Wednesday, September 16, 2020
Wednesday, August 12, 2020
Growing up in Burlington in a large French Canadian family, there were always several cans of Habitant pea soup in the kitchen cabinet. If chicken soup is the Jewish penicillin, French Canadian pea soup is the nearest equivalent for those with a Quebecois background.
Several things set it apart, first and foremost, unlike their monolithic rival Campbell’s Soups, you did not add water to Habitant. That was their proudest boast, that the soup was not condensed, it went into the can and then into the mouth exactly as it had been cooked. The other thing that set it apart was that the recipe called for yellow peas, not the green variety everyone was familiar with. In fact, after being raised on this stuff, I thought it was really strange, almost disgusting when I was first exposed to green pea soup.
The soup started in Montreal at the grocery store of the Morin family. The can says “since 1918”, so we’ll go with that. The Morins started a small plant to pack jams and pickles and one day they decided to try canning the pea soup that Mrs. Morin had been making for years for her 15 children. One of her daughters, Marie-Blanche cooked the first batch of pea soup canned as Habitant, using the old family recipe consisting of yellow peas, pork fat and savory spices. The first batch was given away and people who tried it ordered more. As sales grew Habitant incorporated as Dominion Preserving Ltd. The old Montreal plant still stands, now luxury condos.
In 1938 Habitant opened a plant in an old mill building in heavily French Canadian Manchester, New Hampshire. Since the U.S. was the biggest market, particularly the northeast, it made sense logistically to have a plant south of the border. Gilles Morin, son of the company founder, moved to Manchester to run the plant. He is seen in the photo posing with two cans of the pea soup in 1978. While the plant produced many other varieties of soup, the famous pea soup accounted for 70% of their sales. At its peak the plant was churning out 80,000 cans per day.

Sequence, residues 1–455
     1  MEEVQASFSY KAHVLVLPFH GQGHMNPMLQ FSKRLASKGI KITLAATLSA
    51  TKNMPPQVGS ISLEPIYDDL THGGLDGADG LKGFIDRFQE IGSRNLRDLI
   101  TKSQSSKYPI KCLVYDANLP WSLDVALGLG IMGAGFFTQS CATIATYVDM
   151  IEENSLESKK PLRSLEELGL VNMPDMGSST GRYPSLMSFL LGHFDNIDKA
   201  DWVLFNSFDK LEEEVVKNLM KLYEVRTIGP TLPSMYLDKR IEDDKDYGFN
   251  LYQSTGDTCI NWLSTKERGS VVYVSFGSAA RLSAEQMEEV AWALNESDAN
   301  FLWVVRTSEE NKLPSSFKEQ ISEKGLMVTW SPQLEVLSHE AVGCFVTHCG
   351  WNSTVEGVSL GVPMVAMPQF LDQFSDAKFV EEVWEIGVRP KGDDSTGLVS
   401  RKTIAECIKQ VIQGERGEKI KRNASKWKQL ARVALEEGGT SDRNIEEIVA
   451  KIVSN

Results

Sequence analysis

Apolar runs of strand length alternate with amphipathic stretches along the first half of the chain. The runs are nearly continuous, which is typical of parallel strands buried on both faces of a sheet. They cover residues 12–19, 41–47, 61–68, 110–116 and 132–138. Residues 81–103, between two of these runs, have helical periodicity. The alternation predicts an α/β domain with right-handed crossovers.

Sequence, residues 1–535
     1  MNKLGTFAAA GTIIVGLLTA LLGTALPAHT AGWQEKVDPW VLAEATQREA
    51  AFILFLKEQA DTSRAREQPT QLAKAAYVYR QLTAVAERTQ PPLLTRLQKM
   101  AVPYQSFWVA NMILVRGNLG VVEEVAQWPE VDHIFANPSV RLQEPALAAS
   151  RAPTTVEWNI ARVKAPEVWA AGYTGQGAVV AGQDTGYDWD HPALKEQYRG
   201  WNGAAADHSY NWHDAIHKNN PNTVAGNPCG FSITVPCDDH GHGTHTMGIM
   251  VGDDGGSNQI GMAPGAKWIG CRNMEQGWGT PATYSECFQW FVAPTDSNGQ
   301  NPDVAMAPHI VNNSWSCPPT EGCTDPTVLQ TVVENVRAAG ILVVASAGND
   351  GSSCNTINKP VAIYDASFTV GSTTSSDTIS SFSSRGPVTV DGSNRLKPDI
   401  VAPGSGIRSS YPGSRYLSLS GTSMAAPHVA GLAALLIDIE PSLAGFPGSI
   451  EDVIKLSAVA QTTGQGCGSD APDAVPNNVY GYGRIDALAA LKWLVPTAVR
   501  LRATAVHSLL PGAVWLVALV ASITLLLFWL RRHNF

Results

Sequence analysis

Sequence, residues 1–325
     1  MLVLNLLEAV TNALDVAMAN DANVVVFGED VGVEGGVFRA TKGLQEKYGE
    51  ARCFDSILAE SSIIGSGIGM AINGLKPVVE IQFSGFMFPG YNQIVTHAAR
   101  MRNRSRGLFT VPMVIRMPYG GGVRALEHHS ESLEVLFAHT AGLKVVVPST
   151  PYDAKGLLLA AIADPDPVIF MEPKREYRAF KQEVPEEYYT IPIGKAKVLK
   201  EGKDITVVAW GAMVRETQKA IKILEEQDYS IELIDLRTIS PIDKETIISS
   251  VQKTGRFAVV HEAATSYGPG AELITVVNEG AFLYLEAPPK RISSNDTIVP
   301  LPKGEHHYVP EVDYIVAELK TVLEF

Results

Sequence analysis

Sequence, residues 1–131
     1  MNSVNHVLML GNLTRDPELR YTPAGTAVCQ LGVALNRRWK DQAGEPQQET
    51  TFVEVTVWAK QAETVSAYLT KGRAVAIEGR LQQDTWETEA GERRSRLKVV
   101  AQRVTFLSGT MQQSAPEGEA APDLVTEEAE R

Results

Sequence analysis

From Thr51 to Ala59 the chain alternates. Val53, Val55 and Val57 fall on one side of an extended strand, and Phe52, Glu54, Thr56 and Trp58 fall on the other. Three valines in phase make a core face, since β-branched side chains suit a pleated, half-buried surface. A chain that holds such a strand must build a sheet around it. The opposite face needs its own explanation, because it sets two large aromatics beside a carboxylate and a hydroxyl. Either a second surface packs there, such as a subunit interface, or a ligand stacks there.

Campbell’s tried to get a piece of the action by test marketing a condensed version of French Canadian pea soup in Providence, Rochester and Manchester. It flopped. Snow’s, well known for their clam chowder also tried out their version of the soup called “Alouette”. It met the same fate as the Campbell’s version. As Gilles Morin said “we had very loyal customers”.
In 1968 Habitant was acquired by Montreal firm Catelli, which became Catelli-Habitant. Over the years you could see the decline in the product. In earlier times the thick soup would contain lots of whole peas, but toward the end of their run you would find maybe two or three peas in a large can. The label still showed lots of peas as you can see in the images of the familiar yellow can. And the soup was not as thick as in the past. The decline in quality and changing tastes led to the closure of the Manchester plant in 1983. The soup is still made and sold in Canada, and the brand has been purchased by their former arch rival Campbell’s.
It can still be had via Amazon, but it will cost you. Three 28 ounce cans go for $25.50.
Tuesday, July 7, 2020
Wednesday, July 1, 2020
Monday, April 6, 2020
Saturday, April 4, 2020
Connecting everyday life to the events that emerged as historical turning points in the life of a people, this book sheds new light on Quebec’s 450-year history––and on the historical forces that lie behind its two recent efforts to gain independence.
About the Author:
Jacques Lacoursière is one of Quebec's most notable writers. He is the author of the five-volume Histoire populaire du Québec, which has been a bestseller since the first volume was published in 1995. He lives in Quebec City, Quebec. Robin Philpot is a writer and translator who lives in Montreal, Quebec.
Friday, April 3, 2020
One of Canada’s founding peoples, the Irish arrived in the Newfoundland fishing stations as early as the seventeenth century. By the eighteenth century they were establishing farms and settlements from Nova Scotia to the Great Lakes.
Then, in the 1840s, came the failures of Ireland’s potato crop, which people in the west of Ireland had depended on for survival. "And that," wrote a Sligo countryman, "was the beginning of the great trouble and famine that destroyed Ireland."
Flight from Famine is the moving account of a Victorian-era tragedy that has echoes in our own time but seems hardly credible in the light of Ireland’s modern prosperity.
The famine survivors who helped build Canada in the years that followed Black ’47 provide a testament to courage, resilience, and perseverance. By the time of Confederation, the Irish population of Canada was second only to the French, and four million Canadians can claim proud Irish descent.